Q&A with Carmen: Should I Tap into my 401k and 403b to Payoff Debt?

Carmen Wong Ulrich
Carmen Wong Ulrich

By Carmen Wong Ulrich

Question:Can you tell me how do I get from under all my debt and build a retirement account so that I won't become a burden? I was divorced in 2000. I started to accumulate debt immediately trying to support myself and two children. Moved to Maryland in 2003, debt continued to increase to the sum of 28,000 in credit card and 25,000 in student loan. I have about 25,000 in a 401 and 4,000 in a 403. My retirement account has lost about $10,000 how do I stop the loss? How do I grow? I have two mortgages (6.7 & 7.7) should I combine them?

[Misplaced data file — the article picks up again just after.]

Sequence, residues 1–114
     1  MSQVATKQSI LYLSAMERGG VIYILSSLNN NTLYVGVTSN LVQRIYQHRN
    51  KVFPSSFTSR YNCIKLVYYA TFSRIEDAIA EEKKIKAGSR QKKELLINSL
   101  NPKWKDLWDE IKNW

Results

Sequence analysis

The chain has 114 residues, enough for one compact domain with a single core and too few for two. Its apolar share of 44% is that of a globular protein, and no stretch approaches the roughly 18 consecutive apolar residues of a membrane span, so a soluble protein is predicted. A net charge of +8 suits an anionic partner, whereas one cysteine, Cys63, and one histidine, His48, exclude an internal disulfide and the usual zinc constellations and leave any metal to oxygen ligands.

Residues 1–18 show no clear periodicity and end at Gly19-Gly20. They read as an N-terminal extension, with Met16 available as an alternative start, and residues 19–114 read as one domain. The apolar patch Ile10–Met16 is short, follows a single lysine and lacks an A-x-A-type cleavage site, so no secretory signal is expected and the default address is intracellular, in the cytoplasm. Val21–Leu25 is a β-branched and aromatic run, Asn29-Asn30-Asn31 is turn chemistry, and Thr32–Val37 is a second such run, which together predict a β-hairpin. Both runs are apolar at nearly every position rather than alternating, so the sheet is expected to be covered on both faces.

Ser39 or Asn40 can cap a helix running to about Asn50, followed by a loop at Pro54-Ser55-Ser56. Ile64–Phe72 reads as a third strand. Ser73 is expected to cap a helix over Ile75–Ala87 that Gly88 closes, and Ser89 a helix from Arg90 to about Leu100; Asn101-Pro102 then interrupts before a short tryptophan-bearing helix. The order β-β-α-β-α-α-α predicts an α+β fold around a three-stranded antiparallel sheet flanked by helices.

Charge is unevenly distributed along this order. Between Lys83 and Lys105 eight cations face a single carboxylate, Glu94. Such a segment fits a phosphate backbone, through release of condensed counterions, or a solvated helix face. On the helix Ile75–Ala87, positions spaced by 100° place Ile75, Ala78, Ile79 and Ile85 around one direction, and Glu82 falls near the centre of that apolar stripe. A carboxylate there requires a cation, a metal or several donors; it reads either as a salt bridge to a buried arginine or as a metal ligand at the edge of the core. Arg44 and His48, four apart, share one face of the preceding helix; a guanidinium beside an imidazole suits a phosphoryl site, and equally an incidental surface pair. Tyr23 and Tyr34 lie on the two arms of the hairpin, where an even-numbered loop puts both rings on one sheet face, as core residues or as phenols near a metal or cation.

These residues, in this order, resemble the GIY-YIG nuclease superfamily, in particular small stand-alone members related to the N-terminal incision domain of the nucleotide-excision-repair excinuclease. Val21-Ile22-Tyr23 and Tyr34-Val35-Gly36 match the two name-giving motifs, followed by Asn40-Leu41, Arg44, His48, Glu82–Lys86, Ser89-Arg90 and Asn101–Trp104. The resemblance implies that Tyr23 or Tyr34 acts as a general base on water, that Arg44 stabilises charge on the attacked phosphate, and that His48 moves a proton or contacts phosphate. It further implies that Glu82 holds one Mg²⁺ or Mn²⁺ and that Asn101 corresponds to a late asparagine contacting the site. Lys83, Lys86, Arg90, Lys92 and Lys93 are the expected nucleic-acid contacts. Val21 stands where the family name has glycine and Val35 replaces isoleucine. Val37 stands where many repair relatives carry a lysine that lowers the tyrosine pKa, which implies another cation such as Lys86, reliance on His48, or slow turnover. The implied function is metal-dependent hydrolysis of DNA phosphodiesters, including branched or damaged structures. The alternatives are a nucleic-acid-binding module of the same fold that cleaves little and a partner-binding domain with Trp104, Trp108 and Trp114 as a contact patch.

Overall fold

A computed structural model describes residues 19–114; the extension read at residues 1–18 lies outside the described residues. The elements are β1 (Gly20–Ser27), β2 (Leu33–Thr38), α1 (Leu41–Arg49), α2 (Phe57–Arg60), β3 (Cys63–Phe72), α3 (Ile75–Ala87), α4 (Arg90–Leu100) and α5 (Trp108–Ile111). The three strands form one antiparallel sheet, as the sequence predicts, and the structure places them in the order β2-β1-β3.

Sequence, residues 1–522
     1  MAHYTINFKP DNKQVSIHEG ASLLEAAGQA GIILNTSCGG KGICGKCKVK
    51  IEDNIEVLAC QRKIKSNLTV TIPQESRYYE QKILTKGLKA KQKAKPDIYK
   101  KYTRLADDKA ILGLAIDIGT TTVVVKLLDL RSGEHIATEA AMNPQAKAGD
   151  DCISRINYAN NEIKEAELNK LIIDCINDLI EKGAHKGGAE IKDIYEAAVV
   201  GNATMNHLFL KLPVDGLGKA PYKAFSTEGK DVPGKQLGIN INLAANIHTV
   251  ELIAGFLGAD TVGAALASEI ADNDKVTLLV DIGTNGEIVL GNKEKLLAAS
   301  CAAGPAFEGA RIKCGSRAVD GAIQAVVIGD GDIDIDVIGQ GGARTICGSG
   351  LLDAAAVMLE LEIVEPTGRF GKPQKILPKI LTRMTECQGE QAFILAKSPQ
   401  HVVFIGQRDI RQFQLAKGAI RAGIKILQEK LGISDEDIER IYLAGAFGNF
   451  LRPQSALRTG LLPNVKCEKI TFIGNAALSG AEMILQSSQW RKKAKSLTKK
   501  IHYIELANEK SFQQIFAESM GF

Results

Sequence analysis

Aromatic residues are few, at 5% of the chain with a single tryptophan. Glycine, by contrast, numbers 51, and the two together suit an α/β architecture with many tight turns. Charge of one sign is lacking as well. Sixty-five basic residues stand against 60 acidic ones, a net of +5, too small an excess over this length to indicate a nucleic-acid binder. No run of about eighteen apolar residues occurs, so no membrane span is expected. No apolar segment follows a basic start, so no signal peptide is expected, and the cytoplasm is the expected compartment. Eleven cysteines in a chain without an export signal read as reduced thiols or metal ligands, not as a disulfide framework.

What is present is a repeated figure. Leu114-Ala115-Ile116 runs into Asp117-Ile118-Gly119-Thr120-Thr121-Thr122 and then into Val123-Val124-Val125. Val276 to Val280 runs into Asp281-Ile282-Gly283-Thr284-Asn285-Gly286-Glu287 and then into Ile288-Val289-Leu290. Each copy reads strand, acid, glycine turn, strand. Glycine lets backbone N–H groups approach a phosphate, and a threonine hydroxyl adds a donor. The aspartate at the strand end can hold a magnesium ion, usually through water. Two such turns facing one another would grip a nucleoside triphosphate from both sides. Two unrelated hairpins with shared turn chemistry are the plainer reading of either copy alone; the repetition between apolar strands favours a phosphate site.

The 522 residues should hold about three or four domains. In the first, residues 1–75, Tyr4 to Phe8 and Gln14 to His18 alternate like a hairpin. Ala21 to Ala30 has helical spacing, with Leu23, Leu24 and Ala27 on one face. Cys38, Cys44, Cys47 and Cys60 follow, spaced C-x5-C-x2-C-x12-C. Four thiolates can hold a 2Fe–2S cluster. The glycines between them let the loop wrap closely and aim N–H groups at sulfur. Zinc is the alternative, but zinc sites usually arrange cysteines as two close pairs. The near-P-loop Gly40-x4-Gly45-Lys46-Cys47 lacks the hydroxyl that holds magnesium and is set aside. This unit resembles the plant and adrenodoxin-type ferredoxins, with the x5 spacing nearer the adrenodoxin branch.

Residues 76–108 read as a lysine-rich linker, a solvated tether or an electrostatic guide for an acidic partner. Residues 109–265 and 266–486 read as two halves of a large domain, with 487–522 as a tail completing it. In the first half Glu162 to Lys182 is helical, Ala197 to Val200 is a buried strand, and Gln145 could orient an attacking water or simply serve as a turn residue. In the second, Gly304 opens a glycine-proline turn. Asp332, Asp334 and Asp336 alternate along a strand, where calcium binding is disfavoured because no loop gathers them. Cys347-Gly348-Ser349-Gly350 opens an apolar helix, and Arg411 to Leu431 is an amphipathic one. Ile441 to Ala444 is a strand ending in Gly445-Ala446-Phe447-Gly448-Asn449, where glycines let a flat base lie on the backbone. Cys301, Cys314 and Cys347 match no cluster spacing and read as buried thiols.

Answer: Jacqueline, I don't know how much money you have coming in each month or how far you are from retirement but it sounds like no matter what, your debts have become a burden and your lack of retirement savings are a concern. A big mistake would be to touch your 401k and 403b to pay for your debts. The tax-friendly benefits of those accounts are too precious over time and to pull funds out would result in a substantial loss in instant fees and taxes—and continue to devote as much as you can to these accounts every month. Your mortgages are in good shape in terms of rates but with rates as low as they are these days (30-year fixed around 5.2%) you're smart to consider refinancing them into one lower-interest rate loan. My concern there is that with your debt load, your credit score may not be good enough to earn a better rate. Look into that (head to John's website: www.credit.com to find your credit grade and score) and in the meantime, maximize the money that you do have to pay off your debts. Track down every penny that leaves your bank account for a month—tally everything up and see where you're spending too much and where you can cut to devote more to your money payments. If your student loans are federal, don't worry too much about them—focus on the credit card debt. Pay off the card with the highest interest rate first and then hit the next and so on (of course, continue to pay the minimums on all the others). It's an efficient process and soon enough you'll get back on top of your game. Don't hesitate to get another job for a while to move things along. Good luck!